Listen to sample interviews online to practice and create a mental map of how the interview may go based on what is said. That will create a sense of familiarity with the interview environment and allow more focus on actively listening to the interviewer, instead of having the environment itself be a distraction too.
Annu Daniel, CEO, Elohim Company
Pay Attention to Your Body Language
People with ADHD are often unaware of their own social skills shortcomings. If you have ADHD and are going to a job interview, it may be helpful to think of the interview as a conversation.
In a conversation, it’s not really what you say that matters—it’s how you say it. Think about your body language. Try to make eye contact, appear relaxed and comfortable, and maintain a good posture.
Your interviewer is also going to be looking for signs of confidence in your answers. So make sure that when talking about your work experience or skills, for example, your tone is confident and clear. Your gestures should be purposeful and focused on the interviewer.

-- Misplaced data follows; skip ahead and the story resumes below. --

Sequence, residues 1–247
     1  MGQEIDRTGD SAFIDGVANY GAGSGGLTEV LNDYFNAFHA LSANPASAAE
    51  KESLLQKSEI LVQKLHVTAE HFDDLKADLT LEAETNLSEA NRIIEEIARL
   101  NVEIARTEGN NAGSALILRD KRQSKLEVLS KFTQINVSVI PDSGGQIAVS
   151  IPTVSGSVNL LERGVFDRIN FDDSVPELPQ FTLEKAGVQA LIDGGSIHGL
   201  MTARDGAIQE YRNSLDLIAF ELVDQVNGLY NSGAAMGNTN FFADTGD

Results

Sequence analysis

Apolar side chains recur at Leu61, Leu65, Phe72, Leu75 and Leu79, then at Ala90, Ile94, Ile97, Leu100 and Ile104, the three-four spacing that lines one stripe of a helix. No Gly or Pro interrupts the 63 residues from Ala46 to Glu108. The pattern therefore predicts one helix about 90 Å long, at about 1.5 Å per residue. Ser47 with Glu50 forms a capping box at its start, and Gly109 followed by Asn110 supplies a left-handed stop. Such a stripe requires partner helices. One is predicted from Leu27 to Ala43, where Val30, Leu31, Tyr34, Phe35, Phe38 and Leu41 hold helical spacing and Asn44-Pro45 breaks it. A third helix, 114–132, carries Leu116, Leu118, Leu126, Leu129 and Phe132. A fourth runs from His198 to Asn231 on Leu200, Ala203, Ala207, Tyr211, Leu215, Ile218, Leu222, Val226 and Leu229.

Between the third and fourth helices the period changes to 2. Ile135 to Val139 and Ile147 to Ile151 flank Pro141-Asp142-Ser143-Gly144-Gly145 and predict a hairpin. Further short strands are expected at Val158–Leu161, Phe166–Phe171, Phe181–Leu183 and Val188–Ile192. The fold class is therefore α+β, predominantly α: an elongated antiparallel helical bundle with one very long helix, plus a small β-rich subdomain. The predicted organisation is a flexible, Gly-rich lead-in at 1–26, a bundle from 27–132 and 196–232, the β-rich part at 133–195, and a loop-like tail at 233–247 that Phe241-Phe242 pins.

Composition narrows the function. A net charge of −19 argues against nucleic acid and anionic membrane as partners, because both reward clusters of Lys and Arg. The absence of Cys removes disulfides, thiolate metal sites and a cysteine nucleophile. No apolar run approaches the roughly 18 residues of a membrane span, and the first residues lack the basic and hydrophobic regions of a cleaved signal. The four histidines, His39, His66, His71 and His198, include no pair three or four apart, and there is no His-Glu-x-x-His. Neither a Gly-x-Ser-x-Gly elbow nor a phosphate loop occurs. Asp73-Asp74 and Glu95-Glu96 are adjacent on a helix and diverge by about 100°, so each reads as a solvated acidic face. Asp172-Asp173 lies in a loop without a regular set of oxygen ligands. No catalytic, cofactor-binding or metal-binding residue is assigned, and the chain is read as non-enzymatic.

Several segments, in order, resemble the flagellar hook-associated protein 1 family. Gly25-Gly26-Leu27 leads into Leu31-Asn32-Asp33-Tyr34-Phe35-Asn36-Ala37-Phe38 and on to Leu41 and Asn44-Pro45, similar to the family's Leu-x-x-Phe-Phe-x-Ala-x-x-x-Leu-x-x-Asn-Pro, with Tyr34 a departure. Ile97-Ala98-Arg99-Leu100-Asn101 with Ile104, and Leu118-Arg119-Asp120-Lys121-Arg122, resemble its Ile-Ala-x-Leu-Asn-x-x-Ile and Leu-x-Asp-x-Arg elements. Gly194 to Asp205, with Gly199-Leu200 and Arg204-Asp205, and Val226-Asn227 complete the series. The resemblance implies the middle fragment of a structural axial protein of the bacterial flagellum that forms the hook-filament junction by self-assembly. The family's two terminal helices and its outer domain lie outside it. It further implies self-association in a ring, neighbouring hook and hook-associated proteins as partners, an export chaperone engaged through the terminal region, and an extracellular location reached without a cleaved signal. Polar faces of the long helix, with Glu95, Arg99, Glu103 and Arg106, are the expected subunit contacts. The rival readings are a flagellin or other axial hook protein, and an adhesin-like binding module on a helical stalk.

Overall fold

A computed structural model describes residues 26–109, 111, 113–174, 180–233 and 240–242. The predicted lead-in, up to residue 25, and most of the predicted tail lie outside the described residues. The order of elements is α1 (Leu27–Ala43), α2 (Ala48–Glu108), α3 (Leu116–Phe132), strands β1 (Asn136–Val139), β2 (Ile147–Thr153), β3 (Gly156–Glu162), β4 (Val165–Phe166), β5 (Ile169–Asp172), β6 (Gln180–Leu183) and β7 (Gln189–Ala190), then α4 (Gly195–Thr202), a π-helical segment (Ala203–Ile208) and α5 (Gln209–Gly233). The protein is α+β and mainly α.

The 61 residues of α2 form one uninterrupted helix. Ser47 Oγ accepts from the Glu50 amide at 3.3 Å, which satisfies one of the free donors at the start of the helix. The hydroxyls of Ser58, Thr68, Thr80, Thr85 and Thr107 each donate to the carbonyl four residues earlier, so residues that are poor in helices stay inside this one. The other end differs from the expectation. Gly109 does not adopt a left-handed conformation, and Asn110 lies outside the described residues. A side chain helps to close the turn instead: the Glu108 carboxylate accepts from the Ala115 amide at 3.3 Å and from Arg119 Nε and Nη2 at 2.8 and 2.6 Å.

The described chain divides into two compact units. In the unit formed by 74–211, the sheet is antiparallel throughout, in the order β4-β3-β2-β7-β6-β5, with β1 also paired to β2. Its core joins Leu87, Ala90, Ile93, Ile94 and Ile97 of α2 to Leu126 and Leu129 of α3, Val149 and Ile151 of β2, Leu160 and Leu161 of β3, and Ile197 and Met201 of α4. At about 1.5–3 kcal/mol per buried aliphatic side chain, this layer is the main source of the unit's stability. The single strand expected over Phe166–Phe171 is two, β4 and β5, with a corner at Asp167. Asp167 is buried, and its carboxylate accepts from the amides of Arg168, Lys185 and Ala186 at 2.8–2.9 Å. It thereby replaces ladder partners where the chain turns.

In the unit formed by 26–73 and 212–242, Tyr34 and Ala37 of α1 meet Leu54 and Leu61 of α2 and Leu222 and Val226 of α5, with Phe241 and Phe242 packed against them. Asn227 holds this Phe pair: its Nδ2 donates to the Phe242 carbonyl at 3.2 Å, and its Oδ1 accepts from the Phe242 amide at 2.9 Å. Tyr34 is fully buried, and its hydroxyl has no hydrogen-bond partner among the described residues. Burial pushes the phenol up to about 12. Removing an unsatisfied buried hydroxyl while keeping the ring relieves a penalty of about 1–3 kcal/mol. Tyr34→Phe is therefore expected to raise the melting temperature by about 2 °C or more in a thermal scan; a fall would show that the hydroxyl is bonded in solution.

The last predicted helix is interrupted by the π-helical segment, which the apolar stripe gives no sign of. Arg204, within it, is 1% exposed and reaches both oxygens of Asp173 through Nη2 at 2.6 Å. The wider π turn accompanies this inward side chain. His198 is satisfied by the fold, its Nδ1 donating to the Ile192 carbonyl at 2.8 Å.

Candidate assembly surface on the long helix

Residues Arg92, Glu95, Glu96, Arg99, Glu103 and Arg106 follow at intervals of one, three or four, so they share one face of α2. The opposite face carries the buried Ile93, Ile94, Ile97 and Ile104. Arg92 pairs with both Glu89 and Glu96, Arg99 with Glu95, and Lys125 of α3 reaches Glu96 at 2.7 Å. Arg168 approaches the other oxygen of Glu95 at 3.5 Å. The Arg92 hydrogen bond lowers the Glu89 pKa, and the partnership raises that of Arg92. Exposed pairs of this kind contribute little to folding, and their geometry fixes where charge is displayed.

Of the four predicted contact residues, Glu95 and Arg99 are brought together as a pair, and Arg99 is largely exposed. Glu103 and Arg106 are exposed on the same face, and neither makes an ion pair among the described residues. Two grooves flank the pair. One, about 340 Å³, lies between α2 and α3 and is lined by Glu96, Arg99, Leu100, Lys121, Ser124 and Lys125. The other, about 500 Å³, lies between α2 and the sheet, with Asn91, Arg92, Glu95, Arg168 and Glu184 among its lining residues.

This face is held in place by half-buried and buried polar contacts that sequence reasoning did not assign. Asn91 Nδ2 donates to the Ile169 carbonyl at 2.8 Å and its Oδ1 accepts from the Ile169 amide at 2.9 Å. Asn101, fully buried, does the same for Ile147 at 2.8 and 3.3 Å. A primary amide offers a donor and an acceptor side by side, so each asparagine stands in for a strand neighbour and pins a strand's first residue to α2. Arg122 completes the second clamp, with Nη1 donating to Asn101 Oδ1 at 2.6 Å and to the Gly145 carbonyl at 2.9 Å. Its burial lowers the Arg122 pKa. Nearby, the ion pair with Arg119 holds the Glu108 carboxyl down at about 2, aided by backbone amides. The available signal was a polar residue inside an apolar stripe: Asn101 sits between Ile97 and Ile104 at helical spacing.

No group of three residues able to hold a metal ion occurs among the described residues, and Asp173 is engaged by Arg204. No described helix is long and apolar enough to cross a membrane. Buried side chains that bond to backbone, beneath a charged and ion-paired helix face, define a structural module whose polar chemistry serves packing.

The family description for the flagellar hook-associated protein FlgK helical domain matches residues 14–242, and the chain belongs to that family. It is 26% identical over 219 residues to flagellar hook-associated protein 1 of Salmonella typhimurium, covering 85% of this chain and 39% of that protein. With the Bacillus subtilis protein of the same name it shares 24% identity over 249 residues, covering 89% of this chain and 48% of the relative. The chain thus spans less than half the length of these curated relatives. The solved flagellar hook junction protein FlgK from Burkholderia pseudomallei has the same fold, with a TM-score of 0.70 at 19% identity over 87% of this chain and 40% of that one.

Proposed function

Kimberley Tyler-Smith, VP, Strategy & Growth, Resume Worded
Sugar and caffeine are fiendishly wicked for calming down before an interview, especially for anyone with ADHD. You’re likely already nervous, which can be an entire ordeal within itself, so adding anything that might add to more jittery behavior won’t help you at all.
Try to avoid sugary or highly caffeinated drinks before an interview. Your calming cup of tea, for example, might be better off as a cup of de-cafe in this kind of situation.
Obviously, there is going to be more to nailing your interview than just what you eat or drink, but this small step can give you a bit of extra help in keeping your focus and avoiding unwanted unconscious behaviors like fidgeting or being unable to hold eye contact. Every bit helps when you’re trying to land that interview.
Max Ade, CEO, Pickleheads